The 1962 novel is a challenging masterpiece – luckily, its author wrote a blisteringly bad-tempered guide to reading it
Doris Lessing’s The Golden Notebook has won the vote and will be the subject of this month’s Reading group. On the whole, this is excellent news. If we’re going to read Lessing, we might as well go for the big one: the 1962 novel regarded as her masterpiece and described in The Oxford Companion to English Literature as “one of the key texts of the women’s movement in the 1960s”.
The only possible reason for hesitation is that this world-shaker is also challenging. It’s long and involved and features far more mid-20th-century Marxism than most modern readers are used to. But that should also make coming to terms with this book all the more fascinating.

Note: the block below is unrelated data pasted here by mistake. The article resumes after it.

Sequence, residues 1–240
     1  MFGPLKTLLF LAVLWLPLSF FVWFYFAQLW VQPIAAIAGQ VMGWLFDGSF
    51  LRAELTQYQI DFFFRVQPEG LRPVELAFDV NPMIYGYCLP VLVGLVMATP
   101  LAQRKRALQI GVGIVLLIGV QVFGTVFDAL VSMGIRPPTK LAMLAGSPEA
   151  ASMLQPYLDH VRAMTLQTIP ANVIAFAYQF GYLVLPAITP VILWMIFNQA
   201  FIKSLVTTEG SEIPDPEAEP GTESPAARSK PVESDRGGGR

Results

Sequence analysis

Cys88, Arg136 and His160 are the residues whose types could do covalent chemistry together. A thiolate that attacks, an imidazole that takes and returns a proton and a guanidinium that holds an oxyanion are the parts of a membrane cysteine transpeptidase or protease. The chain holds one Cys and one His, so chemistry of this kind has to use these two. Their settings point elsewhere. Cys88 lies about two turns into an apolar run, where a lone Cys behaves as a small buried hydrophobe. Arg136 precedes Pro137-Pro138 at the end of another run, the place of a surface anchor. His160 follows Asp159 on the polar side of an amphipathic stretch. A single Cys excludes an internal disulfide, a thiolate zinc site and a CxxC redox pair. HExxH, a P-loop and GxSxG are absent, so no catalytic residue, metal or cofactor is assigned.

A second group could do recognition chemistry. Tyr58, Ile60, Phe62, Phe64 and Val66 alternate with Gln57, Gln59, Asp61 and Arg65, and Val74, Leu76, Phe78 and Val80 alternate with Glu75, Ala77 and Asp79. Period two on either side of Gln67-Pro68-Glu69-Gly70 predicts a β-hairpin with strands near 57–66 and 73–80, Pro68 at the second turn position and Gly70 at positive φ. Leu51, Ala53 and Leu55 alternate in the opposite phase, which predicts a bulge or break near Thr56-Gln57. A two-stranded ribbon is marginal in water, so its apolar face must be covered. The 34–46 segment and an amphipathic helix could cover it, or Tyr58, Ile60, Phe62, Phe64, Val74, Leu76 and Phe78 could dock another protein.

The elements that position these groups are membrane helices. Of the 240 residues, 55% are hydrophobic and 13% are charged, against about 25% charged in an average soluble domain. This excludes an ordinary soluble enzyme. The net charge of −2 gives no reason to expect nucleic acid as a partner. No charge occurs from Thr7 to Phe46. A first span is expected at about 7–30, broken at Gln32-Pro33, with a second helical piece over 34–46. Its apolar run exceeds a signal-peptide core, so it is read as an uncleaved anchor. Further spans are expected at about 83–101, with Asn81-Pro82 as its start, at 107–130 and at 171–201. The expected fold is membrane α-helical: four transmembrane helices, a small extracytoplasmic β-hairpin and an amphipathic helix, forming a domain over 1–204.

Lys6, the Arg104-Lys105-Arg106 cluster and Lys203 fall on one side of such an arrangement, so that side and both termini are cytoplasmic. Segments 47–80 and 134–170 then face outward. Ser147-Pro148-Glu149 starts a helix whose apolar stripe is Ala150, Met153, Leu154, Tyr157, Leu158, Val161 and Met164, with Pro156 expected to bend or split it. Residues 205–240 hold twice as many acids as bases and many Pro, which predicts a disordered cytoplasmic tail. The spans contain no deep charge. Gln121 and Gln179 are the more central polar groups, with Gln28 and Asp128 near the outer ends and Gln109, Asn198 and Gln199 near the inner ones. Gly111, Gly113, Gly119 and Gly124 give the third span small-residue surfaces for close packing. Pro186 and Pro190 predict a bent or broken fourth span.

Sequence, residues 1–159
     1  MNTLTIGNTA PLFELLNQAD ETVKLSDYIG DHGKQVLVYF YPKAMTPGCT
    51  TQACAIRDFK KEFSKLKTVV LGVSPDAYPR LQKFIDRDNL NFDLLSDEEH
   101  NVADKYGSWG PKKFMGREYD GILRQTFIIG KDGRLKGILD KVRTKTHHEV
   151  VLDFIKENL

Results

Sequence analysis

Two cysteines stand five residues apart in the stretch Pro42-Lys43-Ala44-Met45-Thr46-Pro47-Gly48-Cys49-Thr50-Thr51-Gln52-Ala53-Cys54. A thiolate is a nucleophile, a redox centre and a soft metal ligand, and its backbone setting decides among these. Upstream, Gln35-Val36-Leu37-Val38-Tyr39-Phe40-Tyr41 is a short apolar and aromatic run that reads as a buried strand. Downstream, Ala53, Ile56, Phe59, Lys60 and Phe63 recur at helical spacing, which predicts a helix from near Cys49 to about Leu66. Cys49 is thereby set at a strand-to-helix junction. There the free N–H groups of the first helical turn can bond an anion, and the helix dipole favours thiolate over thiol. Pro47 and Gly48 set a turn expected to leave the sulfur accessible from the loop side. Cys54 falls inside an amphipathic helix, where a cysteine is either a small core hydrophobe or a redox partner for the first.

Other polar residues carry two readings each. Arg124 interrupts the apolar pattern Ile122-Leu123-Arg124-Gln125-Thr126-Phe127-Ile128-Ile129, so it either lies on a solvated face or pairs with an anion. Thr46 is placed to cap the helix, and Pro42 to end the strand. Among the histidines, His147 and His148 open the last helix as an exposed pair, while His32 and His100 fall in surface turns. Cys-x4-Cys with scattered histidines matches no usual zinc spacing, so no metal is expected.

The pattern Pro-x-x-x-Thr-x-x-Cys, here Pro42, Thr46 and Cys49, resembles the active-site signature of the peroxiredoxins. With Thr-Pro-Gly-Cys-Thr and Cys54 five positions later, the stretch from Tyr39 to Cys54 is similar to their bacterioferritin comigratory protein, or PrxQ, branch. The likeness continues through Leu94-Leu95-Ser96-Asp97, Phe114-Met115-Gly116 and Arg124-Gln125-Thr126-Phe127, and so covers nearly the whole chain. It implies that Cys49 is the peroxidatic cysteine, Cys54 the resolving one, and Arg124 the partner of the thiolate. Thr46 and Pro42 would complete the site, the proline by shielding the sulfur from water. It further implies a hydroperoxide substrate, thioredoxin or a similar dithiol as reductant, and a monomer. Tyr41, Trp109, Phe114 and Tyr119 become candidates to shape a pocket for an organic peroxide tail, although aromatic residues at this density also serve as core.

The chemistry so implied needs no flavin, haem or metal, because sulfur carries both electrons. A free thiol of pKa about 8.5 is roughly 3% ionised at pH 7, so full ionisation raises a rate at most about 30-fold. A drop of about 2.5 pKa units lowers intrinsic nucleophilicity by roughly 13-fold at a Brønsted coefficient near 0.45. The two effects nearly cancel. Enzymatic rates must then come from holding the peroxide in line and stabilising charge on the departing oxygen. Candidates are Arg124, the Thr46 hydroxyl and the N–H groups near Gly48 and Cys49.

She considered the novel to be a triumph of structure. By fragmenting the story, she said, she wanted to show the danger of compartmentalizing one’s thinking, the idea that “any kind of single-mindedness, narrowness, obsession, was bound to lead to mental disorder, if not madness.”